This summer, ELG’s Summer Program for children and young adults was a big hit. Children in the program spent their days making arts and crafts, conducting science experiments, braving obstacle courses, and more. Unfortunately, summer’s end meant saying goodbye. We can’t wait until next summer – as long as the weather’s a little cooler.
Weeks 1 and 4: Camp ELG
During Camp ELG, our camping-themed weeks, children and young adults in the Summer Program braved the great outdoors. They lit colorful bonfires (made of construction paper and glue) and fired up volcanoes. During Week 4, ELG’s summer campers tie-dyed shirts to wear on their field trip to the zoo. At the zoo, they learned how to build tents, an activity that taught fine motor skills, the ability to follow directions, and social communication. Going on field trips allowed our therapists to help kids generalize the skills they learn indoors.
Weeks 2 and 5: Under the Sea
Although every Friday is Water Fun Day, Weeks 2 and 5 of the Summer Program overflowed with ocean-themed activities. During Week 2, children and young adults made octopuses out of plastic bottles and experimented with slime. During Week 5, the children and young adults made lava lamps and received an unexpected visit from Pup, snuggling specialist. Interacting with animals, such as dogs, helps people be more emotionally open, caring, and responsible; for example, a student who struggles with gentle touch learned how to regulate himself so he didn’t hurt the dog. During Week 5, one of our children celebrated his birthday and brought goodie bags to share.
Weeks 3 and 6: Superheroes Fly Free
Children and young adults in the Summer Program unleashed their hidden superpowers during Weeks 3 and 6, which were superhero-themed. They made masks, built clay heroes, and role-played to save the day. On Friday, the last day of the Summer Program, we celebrated with a BBQ, early-starting water fun, and a seed-planting activity. Regina Nicolas Schaufelberger, program director, said of saying goodbye, “We’ve grown to love the kids and we’ve seen their progress. The hardest part of being a therapist is when you have to say goodbye, but knowing you have to let [your child] fly on their own.”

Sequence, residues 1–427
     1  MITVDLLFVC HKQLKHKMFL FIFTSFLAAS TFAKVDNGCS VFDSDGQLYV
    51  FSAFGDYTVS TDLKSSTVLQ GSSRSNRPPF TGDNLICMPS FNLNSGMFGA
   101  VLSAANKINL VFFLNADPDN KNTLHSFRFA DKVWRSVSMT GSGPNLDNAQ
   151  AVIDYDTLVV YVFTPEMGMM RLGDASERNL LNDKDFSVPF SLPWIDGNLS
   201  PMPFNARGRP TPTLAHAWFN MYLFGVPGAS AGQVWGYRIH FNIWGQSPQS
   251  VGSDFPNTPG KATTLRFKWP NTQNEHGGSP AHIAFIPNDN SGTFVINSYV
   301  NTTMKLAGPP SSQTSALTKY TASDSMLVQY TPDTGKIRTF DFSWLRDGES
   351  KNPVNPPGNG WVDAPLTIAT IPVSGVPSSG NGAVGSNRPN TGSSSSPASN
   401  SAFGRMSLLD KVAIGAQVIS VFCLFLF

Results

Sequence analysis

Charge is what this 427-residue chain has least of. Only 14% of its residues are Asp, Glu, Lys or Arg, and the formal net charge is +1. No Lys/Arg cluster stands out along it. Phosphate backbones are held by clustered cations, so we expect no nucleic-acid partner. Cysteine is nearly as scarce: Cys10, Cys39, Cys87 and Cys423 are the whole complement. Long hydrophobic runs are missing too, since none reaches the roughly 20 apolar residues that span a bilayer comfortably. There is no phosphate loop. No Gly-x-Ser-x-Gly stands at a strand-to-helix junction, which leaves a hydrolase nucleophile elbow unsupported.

In addition to the themed projects, children and young adults also participated in recurring activities such as watching movies, making ice cream, and the daily Trail of Courage obstacle course. Activities like these provide structure and routine so children feel nurtured. These activities build many skills that they might not gain elsewhere. For example, the Trail of Courage primarily built gross motor capabilities, but also integrated motor planning, concentration, waiting for one’s turn, encouragement of others, and communication; extra challenges such as a three-legged race meant kids had to collaborate. Of course, we also encouraged children and young adults in the Summer Program to have fun; we make sure that they enjoyed learning new skills, as well as practicing preexisting ones.
ELG’s Summer Program may be over for now, but the months ahead will give us time to prepare for next year. Soon, we will also welcome children into our full-time programs, ensuring fall, winter, and spring will be just as enthralling. Children and young adults with special needs will get to participate in similar activities, building social, academic, motor, and other skills. Thank you to everyone who participated in the Summer Program!